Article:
Anglo-Saxon name Bushburey comes from when the family resided in either of the places called Bushby in Leicester and/or at Busby in the North Riding of Yorkshire. The Yorkshire branch of the Bushburey family stemmed from Great Busby, a township in the parish of Stokesley in the North Riding of the county. The Leicester branch of the family came from the hamlet of Busby, which was in the parish of Thurnby.
Early Origins of the Bushburey family
Leicestershire at Bushby, a hamlet, in the parish of Thurnby, union of Billesdon, hundred of Gartree. CITATION[CLOSE]
Lewis, Samuel, A Topographical Dictionary of England. Institute of Historical Research, 1848, Print.
Early History of the Bushburey family
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Bushburey Spelling Variations
spelling variations are common among early Anglo-Saxon names. As the form of the English language changed, even the spelling of literate people's names evolved. Bushburey has been recorded under many different variations, including Bushby, Bushbury, Bushbure, Bushbie and others.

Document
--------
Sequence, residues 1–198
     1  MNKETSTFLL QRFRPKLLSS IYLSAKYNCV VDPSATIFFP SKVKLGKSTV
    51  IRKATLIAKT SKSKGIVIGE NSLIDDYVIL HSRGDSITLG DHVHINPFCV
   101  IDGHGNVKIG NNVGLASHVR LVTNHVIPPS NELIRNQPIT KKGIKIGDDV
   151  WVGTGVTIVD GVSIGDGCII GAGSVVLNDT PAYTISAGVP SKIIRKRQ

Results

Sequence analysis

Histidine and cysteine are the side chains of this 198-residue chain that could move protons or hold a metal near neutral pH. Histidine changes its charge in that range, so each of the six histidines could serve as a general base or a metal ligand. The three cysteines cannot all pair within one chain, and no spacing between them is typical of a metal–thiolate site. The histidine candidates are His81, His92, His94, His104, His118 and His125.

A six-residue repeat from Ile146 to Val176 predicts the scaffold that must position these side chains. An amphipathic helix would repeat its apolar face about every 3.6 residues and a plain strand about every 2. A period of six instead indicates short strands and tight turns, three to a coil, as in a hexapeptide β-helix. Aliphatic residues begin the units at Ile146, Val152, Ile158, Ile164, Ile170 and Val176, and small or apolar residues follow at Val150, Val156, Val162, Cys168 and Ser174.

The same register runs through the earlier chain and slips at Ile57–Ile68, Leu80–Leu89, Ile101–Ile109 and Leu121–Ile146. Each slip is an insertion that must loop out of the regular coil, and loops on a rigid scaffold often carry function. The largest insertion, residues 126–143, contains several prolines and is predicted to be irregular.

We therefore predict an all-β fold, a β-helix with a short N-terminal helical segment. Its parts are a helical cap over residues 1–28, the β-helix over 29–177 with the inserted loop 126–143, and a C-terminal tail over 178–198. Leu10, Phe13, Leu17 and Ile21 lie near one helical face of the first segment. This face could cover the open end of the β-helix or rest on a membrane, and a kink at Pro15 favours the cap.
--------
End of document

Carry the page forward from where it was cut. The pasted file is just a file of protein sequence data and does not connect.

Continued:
Early Notables of the Bushburey family (pre 1700)
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Migration of the Bushburey family to the New World and Oceana
For many English families, the political and religious disarray that shrouded England made the far away New World an attractive prospect. On cramped disease-ridden ships, thousands migrated to those British colonies that would eventually become Canada and the United States. Those hardy settlers that survived the journey often went on to make important contributions to the emerging nations in which they landed. Analysis of immigration records indicates that some of the first North American immigrants bore the name Bushburey or a variant listed above: John Bushby who settled in Virginia in 1730; Mary Bushby settled in New England in 1746; William Bushby arrived in Philadelphia in 1846.
The Bushburey Motto
The motto was originally a war cry or slogan. Mottoes first began to be shown with arms in the 14th and 15th centuries, but were not in general use until the 17th century. Thus the oldest coats of arms generally do not include a motto. Mottoes seldom form part of the grant of arms: Under most heraldic authorities, a motto is an optional component of the coat of arms, and can be added to or changed at will; many families have chosen not to display a motto.
Motto: Fructu non foliis
Motto Translation: Fruit, not leaves
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